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Step 20:  Outfitting

After the varnish was all dry there was really only one more series of things to do: outfitting (attaching the foot pedals, grab loops, seat, backrest, hip pads and finishing the hatch covers).

First I tied on the grab loops through the holes I had drilled earlier (the end pours keep it watertight).  I made the grab loops out of 6 mm static cord (intended for rock climbing).  I tied a double fisherman's knot with three wraps from each end (6 total) so that it would be wide enough to be comfortable on your fingers when carrying the kayak.  If you don't know how to tie that knot then I refer you to a knot book because it is too complicated to explain here.   
Turning to the cockpit, I had to install the hip braces which are cut out of 4 mm plywood.  I sealed them with epoxy and fiberglassed them into place at both top and bottom.  I actually did this step during the varnishing process so I wouldn't have to wait for it to dry.
Next, it was time to install the foot pedals.  I started out by sanding the plastic pedals a bit where they slide in the track so they would slide more easily.  Also I roughed up the bottom of the metal so it would adhere to the wood better:
 I both epoxied and screwed them in place.  I had already drilled holes for them in the proper position before varnishing.  I made sure they lined up and made a small correction in one hole.  Then I cut strips of fiberglass to go underneath them for added strength:
I epoxied the fiberglass in place and then after applying some thickened epoxy to the back of the track I screwed them in place from the exterior.  I put a little epoxy on the screw threads so they would be watertight.  

The next step was to attach the back rest.  I attached the nylon straps and elastic cords with screws to the sheer clamps and underside of the coaming respectively.  
As you can see I ran the nylon straps to the outside of the hip braces because that is how it was shown in the instructions.  This later turned out to be a mistake because the hip braces became unattached at the top due to the inward force exerted on them by the straps.  To avoid this I would advise either running the straps on the inside of the hip braces or cutting them shorter and attaching them to the outside but further aft in such a way that the straps will not contact the braces when the backrest is in use.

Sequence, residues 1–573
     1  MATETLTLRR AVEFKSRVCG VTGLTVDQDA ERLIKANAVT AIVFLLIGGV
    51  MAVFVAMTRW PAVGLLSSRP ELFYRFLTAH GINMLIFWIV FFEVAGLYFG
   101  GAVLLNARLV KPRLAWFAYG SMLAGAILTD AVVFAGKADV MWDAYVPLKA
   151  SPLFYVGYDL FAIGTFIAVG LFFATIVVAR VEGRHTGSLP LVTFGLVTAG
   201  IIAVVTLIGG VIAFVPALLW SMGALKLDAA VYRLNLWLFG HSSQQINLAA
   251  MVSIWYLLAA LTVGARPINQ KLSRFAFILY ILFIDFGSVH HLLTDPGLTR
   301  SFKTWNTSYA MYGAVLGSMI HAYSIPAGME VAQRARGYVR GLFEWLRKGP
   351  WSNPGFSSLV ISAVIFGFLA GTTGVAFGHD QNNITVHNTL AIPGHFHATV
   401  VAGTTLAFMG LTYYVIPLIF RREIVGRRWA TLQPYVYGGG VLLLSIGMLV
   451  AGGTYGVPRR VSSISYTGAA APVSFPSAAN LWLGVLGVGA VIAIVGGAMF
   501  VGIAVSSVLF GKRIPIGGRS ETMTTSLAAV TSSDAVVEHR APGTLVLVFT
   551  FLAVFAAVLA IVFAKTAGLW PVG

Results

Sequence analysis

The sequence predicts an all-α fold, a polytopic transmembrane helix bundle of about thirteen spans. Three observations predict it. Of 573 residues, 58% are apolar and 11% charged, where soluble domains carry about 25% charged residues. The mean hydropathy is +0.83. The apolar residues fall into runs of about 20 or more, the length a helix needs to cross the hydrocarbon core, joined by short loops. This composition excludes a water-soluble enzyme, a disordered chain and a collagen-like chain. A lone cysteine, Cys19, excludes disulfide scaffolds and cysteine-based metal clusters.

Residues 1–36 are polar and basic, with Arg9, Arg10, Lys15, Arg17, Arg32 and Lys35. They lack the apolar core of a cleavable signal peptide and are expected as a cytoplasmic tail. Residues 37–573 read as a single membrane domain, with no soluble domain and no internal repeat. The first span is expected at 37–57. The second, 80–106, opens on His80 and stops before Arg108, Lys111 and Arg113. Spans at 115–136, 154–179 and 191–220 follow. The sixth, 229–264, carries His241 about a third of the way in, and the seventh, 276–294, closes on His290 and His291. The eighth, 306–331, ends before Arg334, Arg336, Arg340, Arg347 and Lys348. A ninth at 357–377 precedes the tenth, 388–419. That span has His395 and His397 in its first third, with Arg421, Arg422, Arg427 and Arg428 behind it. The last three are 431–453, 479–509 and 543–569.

I used a knife heated with a blowtorch to cut the nylon which worked really well:
Next, I took the kayak outside and figured out where I wanted the seat positioned. The seat is made of two pieces of foam, the upper one is solid and the lower one is like a big oddly shaped donut.  I traced around them with chalk so I could easily get them back to the position I wanted:
Then I applied contact cement to both the foam pieces and to the cockpit in those places where I wanted the foam.  
I let it dry for fifteen minutes and then pressed the seat and hip braces pieces into place.  You are supposed to use your full body weight to get good adhesion:
Next it was time to finish the hatches.  First I stuck weather-stripping to the underside of the hatch covers around the perimeter.
It was a nice sunny day so of course I took some time to work on my tan before doing the aft cover:
The hatch covers are secured in place on top of the hatch openings using nylon straps and plastic buckles.  I figured out where I wanted them positioned, drilled holes into the sheer clamps through the deck, and screwed them into place with brass screws and finishing washers:
I folded each nylon strap so that it would be a triple layer in the places where the screws go through it.  I used a nail heated with a blowtorch to "drill" the screw-holes in the straps:
After attaching all 6 pairs of straps, securing the hatch covers in place, and cutting off the excess of the straps I discovered that the long awaited moment had arrived: My kayak was...


Click here to see the launching and more pictures of the finished boat.

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